Background: Access to sexual and reproductive health services continues to be a public health concern in Kenya, Tanzania, Uganda and Zambia: use of modern contraceptives is low, and unmet family planning needs and maternal mortality remain high. This study is an assessment of the availability, affordability and stock-outs of essential sexual and reproductive health commodities (SRHC) in these countries to inform interventions to improve access.
Methods: The study consisted of an adaptation of the World Health Organization/Health Action International methodology, Measuring Medicine Prices, Availability, Affordability and Price Components. Price, availability and stock-out data was collected in July 2019 for over fifty lowest-priced SRHC from public, private and private not-for-profit health facilities in Kenya (n = 221), Tanzania (n = 373), Uganda (n = 146) and Zambia (n = 245). Affordability was calculated using the wage of a lowest-paid government worker. Accessibility was illustrated by combining the availability (≥ 80%) and affordability (less than 1 day's wage) measures.
Results: Overall availability of SRHC was low at less than 50% in all sectors, areas and countries, with highest mean availability found in Kenyan public facilities (46.6%). Stock-outs were common; the average number of stock-out days per month ranged from 3 days in Kenya's private and private not-for-profit sectors, to 12 days in Zambia's public sector. In the public sectors of Kenya, Uganda and Zambia, as well as in Zambia's private not-for-profit sector, all SRHC were free for the patient. In the other sectors unaffordability ranged from 2 to 9 SRHC being unaffordable, with magnesium sulphate being especially unaffordable in the countries. Accessibility was low across the countries, with Kenya's and Zambia's public sectors having six SRHC that met the accessibility threshold, while the private sector of Uganda had only one SRHC meeting the threshold.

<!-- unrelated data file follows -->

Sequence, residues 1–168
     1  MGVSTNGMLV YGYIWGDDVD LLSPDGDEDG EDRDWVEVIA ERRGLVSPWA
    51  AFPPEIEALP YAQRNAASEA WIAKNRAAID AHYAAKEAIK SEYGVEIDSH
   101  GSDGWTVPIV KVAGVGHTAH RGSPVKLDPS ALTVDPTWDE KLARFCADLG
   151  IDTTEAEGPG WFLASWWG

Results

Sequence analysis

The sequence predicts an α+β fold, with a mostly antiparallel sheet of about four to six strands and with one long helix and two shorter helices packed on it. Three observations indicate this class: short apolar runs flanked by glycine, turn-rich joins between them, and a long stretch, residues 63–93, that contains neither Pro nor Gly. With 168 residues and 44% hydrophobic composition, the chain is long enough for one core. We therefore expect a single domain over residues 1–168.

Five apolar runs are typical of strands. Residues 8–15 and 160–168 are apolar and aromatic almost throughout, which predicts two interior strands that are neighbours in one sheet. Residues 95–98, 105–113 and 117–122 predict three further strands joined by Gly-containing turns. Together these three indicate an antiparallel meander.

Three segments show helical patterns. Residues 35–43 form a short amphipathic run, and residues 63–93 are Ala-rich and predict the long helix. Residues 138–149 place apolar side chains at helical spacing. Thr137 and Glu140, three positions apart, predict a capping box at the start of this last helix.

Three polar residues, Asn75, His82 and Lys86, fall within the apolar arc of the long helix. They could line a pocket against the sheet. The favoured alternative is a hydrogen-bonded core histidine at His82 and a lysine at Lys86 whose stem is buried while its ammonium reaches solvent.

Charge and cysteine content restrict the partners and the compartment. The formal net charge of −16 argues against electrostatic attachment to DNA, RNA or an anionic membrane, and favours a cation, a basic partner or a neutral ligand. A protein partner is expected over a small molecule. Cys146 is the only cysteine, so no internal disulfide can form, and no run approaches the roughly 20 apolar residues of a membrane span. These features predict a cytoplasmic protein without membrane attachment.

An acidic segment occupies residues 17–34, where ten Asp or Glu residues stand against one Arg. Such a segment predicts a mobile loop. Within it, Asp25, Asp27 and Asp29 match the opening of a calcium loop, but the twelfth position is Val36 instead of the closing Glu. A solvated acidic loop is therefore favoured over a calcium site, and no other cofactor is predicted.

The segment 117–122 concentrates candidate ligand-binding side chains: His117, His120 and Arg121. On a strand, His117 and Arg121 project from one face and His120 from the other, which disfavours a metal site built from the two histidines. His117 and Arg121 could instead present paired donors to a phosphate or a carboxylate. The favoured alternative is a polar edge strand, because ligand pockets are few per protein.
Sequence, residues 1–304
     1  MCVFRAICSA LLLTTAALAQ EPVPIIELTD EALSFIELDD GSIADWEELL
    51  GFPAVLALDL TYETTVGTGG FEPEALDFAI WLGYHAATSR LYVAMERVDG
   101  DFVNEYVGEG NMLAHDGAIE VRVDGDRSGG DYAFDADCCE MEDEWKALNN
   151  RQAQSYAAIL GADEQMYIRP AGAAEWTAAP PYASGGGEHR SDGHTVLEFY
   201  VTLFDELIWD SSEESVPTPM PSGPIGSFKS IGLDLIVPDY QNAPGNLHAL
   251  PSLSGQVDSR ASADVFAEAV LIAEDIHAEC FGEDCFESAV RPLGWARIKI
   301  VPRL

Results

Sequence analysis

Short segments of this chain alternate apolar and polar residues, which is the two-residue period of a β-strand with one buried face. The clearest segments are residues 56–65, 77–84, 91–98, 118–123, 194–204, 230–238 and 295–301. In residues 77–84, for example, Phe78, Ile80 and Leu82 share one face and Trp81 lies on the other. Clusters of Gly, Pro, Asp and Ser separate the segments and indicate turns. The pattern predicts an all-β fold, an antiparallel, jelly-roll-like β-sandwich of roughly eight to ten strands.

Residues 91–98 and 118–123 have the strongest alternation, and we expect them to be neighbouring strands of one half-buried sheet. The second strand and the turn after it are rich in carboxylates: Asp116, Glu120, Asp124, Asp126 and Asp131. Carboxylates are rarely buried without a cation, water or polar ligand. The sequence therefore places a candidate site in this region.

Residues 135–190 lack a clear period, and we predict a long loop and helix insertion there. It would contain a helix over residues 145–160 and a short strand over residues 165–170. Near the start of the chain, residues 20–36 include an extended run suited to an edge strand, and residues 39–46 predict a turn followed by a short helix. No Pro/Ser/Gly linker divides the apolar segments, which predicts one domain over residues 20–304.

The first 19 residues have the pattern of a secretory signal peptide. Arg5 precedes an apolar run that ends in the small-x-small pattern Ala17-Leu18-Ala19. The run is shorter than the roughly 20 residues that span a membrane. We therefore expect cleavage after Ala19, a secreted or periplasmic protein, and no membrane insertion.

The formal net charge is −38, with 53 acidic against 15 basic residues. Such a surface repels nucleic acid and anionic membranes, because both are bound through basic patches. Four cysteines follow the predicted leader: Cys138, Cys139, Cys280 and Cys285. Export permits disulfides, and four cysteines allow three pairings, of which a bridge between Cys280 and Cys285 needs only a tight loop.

Conclusions: Accessibility of SRHC remains a challenge. Low availability of SRHC in the public sector is compounded by regular stock-outs, forcing patients to seek care in other sectors where there are availability and affordability challenges. Health system strengthening is needed to ensure access, and these findings should be used by national governments to identify the gaps and shortcomings in their supply chains.
Keywords: Accessibility; Affordability; Availability; Family planning; Health systems; Maternal health; Newborn and child health; Sexual and reproductive health; Sexually transmitted infections.